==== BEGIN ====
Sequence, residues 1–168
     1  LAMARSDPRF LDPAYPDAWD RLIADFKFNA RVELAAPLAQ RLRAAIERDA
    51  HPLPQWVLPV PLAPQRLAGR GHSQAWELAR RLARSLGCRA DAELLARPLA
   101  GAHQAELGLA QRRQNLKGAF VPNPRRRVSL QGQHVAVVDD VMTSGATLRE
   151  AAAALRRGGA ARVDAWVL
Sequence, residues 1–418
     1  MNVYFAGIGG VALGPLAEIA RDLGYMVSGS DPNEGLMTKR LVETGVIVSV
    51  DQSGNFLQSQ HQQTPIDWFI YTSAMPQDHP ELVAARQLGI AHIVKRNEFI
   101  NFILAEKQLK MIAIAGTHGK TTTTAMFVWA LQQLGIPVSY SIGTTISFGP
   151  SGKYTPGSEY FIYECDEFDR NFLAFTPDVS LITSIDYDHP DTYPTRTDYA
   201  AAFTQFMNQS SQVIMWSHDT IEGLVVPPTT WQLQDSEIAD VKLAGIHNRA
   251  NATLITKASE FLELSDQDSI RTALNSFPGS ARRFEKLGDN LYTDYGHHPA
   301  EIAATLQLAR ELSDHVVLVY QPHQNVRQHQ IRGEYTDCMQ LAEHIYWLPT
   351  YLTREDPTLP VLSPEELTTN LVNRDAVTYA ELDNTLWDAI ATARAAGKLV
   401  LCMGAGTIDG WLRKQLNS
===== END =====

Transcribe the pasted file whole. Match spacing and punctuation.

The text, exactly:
Sequence, residues 1–168
     1  LAMARSDPRF LDPAYPDAWD RLIADFKFNA RVELAAPLAQ RLRAAIERDA
    51  HPLPQWVLPV PLAPQRLAGR GHSQAWELAR RLARSLGCRA DAELLARPLA
   101  GAHQAELGLA QRRQNLKGAF VPNPRRRVSL QGQHVAVVDD VMTSGATLRE
   151  AAAALRRGGA ARVDAWVL
Sequence, residues 1–418
     1  MNVYFAGIGG VALGPLAEIA RDLGYMVSGS DPNEGLMTKR LVETGVIVSV
    51  DQSGNFLQSQ HQQTPIDWFI YTSAMPQDHP ELVAARQLGI AHIVKRNEFI
   101  NFILAEKQLK MIAIAGTHGK TTTTAMFVWA LQQLGIPVSY SIGTTISFGP
   151  SGKYTPGSEY FIYECDEFDR NFLAFTPDVS LITSIDYDHP DTYPTRTDYA
   201  AAFTQFMNQS SQVIMWSHDT IEGLVVPPTT WQLQDSEIAD VKLAGIHNRA
   251  NATLITKASE FLELSDQDSI RTALNSFPGS ARRFEKLGDN LYTDYGHHPA
   301  EIAATLQLAR ELSDHVVLVY QPHQNVRQHQ IRGEYTDCMQ LAEHIYWLPT
   351  YLTREDPTLP VLSPEELTTN LVNRDAVTYA ELDNTLWDAI ATARAAGKLV
   401  LCMGAGTIDG WLRKQLNS